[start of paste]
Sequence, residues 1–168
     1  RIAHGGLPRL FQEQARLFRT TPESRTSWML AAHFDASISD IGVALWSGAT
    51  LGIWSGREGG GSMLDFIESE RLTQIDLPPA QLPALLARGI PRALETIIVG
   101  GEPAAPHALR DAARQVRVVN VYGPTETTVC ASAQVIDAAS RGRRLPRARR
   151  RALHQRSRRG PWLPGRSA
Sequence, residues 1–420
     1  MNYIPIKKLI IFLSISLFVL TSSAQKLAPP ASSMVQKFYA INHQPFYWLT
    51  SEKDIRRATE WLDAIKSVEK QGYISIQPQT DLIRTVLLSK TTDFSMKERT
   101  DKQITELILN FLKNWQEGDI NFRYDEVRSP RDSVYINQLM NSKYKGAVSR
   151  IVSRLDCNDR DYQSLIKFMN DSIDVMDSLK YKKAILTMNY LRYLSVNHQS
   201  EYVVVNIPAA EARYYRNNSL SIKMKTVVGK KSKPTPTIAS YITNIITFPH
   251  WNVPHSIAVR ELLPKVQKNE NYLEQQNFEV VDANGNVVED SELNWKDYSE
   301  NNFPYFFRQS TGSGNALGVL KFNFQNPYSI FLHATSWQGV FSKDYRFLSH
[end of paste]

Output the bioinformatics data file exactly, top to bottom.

Sequence, residues 1–168
     1  RIAHGGLPRL FQEQARLFRT TPESRTSWML AAHFDASISD IGVALWSGAT
    51  LGIWSGREGG GSMLDFIESE RLTQIDLPPA QLPALLARGI PRALETIIVG
   101  GEPAAPHALR DAARQVRVVN VYGPTETTVC ASAQVIDAAS RGRRLPRARR
   151  RALHQRSRRG PWLPGRSA
Sequence, residues 1–420
     1  MNYIPIKKLI IFLSISLFVL TSSAQKLAPP ASSMVQKFYA INHQPFYWLT
    51  SEKDIRRATE WLDAIKSVEK QGYISIQPQT DLIRTVLLSK TTDFSMKERT
   101  DKQITELILN FLKNWQEGDI NFRYDEVRSP RDSVYINQLM NSKYKGAVSR
   151  IVSRLDCNDR DYQSLIKFMN DSIDVMDSLK YKKAILTMNY LRYLSVNHQS
   201  EYVVVNIPAA EARYYRNNSL SIKMKTVVGK KSKPTPTIAS YITNIITFPH
   251  WNVPHSIAVR ELLPKVQKNE NYLEQQNFEV VDANGNVVED SELNWKDYSE
   301  NNFPYFFRQS TGSGNALGVL KFNFQNPYSI FLHATSWQGV FSKDYRFLSH